first_imgHow do you balance the need for biodiversity conservation with human health? For Christopher Golden ’05, that question is at the core of a paper he wrote. It says that in societies where people rely on bush meat for important micronutrients, losing their access to wildlife — either because of unsustainable harvesting or strict conservation enforcement — could harm some children.Published in the Nov. 22 issue of Proceedings of the National Academy of Sciences, Golden’s research paper reports on a yearlong study, conducted in the northeast corner of Madagascar, that found that lost access to bush meat would lead directly to a 30 percent relative increase in malnutrition among children 12 years old and younger.“This research highlights a tension between conservation policy and human health and livelihoods, but solutions could be designed to benefit both,” said Golden, a postdoctoral Fellow at Harvard’s Center for the Environment. “I wanted to study this question through the lens of ecosystem services. If the wildlife is the natural capital, and the surplus is the harvested meat, what benefit do we receive from being able to rely on this source of food?“This is an area that is extremely poor,” Golden added. “Madagascar is often ranked among the top 10 poorest nations in the world, and this region is among the most impoverished in Madagascar. People there eat beef maybe one to four times a year, and chicken maybe once a month. So the wild foods they’re receiving are enormously important, because the meat is providing the nutrients they aren’t getting elsewhere.”Though his paper points toward potential negative consequences of strict conservation action, Golden emphasized that it isn’t a call to halt all conservation efforts.“I’m just looking at one possible way in which biodiversity impacts human health,” he said. “There are a host of other ways in which maintaining intact ecosystems benefits human health that this paper does not explore. In my heart, I believe that conservation is a powerful and positive process that, were it not in place, it’s very likely that these animals would be unsustainably harvested. Ultimately, in this region, we’re dealing with the confluences of cultural preference, policy restrictions, and food necessity. It’s a very difficult area to traverse.”Though the word malnutrition conjures up images of starving children, the most prevalent form of the condition is actually anemia, Golden said. Globally, nearly 2 billion people suffer from iron deficiency, a form of anemia that causes drops in hemoglobin, the protein that helps to ferry oxygen through the body.Even small dips in hemoglobin levels, Golden said, have been linked to problems in cognitive development, increases in maternal mortality, and mental retardation.To examine whether and how the consumption of bush meat affects hemoglobin levels, Golden designed a study that closely monitored the diets of children in one part of Madagascar. Over a year, researchers took monthly blood samples from children 12 or younger to measure hemoglobin levels. In addition, the children’s diets were precisely measured and recorded.“Every scrap of fish, every bit of meat, it was weighed before it went into the cooking pot,” Golden said. “The goal was to create a study that would examine the causal links between biodiversity change and human health. Because of the longitudinal study design, we were able to disentangle the true effect of bush meat on hemoglobin levels.”Armed with those results, Golden and colleagues were then able to model the health effects of cutting off access to bush meat. The results, he said, were a 12 percent absolute increase in anemia, and a 30 percent relative increase.The findings suggest that the norm shouldn’t be unrestricted hunting or strict  conservation, but a happy medium, where conservation efforts maintain forests as a sustainable resource that people can rely on to supplement their diets, or where there’s a system that allows people to reduce hunting in favor of raising domestic animals for food.Going forward, Golden said, his goal is to broaden his research to see whether the same effect is observed in other populations, and to bring together the public health and conservation communities in a search for possible policy solutions that can maintain health while also protecting wildlife.“The interesting thing about this research is it’s empirical. It’s data-driven,” Golden said. “There are very few papers in the literature that examine how changes in people’s environment or their natural resources are impacting human health.”In an effort to expand the literature on the topic, Golden and colleagues from the University of California, Berkeley, earlier this year received a grant from the National Science Foundation to expand the research in Madagascar, and to bring the study to Ghana and Kenya. Golden, through Harvard, is part of a 24-institution consortium seeking to conduct similar studies in Southeast Asia with his new advisers, Samuel Myers and Walter Willett of the Harvard School of Public Health.“I’m hoping that this research brings together people from the development, public health, and conservation communities,” he said. “The theoretical framework of how these things work together has always been there. People like to say, ‘Healthy environment, healthy people.’ It’s intuitive, and it makes sense. But until now, the empirical evidence to support it hasn’t been well supported.”Golden’s research was supported by the National Geographic Society Conservation Trust, the Margot Marsh Biodiversity Fund, the Mohamed bin Zayed Species Conservation Fund, and the National Science Foundation, and was conducted while he completed a Ph.D. at Berkeley.last_img read more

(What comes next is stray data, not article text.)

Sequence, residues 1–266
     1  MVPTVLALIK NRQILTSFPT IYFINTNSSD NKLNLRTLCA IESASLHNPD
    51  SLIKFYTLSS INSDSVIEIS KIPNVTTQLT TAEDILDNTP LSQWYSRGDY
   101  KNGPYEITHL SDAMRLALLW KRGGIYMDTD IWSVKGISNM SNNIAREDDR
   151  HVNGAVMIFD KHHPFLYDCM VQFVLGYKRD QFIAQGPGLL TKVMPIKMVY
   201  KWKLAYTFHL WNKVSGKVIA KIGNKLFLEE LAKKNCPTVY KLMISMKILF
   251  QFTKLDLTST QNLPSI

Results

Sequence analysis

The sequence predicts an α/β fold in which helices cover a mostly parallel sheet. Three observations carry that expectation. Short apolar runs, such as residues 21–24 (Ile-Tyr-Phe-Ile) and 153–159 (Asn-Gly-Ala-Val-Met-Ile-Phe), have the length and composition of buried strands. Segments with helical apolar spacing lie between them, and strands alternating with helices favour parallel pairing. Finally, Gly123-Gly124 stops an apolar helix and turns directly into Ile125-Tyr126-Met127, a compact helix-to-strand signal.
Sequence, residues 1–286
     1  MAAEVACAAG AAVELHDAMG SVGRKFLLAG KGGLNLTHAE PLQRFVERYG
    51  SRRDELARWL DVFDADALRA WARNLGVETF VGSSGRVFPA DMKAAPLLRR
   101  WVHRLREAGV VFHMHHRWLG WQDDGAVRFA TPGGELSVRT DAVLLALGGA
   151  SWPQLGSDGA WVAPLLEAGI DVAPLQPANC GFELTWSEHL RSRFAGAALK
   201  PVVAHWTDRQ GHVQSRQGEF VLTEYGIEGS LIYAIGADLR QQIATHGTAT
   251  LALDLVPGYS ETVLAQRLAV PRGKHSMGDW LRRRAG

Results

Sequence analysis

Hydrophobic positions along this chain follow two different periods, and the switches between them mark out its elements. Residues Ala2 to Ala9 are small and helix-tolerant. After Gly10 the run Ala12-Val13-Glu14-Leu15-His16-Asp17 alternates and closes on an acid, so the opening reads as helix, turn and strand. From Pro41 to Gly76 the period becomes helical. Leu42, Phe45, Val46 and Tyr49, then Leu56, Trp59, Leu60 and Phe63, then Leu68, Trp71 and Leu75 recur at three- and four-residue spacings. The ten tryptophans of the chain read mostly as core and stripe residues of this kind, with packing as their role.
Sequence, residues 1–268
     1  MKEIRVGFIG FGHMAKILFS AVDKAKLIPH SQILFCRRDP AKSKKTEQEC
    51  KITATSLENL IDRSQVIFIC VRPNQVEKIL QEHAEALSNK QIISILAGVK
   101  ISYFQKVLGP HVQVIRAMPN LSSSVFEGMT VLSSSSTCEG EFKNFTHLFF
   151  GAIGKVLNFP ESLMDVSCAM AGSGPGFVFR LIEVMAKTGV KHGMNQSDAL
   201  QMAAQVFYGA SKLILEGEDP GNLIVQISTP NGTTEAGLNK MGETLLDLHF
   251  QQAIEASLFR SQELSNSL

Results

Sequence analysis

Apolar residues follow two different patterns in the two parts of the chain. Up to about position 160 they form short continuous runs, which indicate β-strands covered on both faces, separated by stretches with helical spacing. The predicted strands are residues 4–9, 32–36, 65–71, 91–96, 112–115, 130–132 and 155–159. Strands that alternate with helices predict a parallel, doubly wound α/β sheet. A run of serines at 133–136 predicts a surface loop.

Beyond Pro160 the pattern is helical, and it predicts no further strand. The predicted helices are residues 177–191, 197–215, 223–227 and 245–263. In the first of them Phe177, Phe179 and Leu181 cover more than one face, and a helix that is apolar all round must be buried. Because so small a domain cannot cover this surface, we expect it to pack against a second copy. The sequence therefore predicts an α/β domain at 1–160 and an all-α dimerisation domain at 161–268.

Europa League: Man U to unleash Ighalo on Club Brugge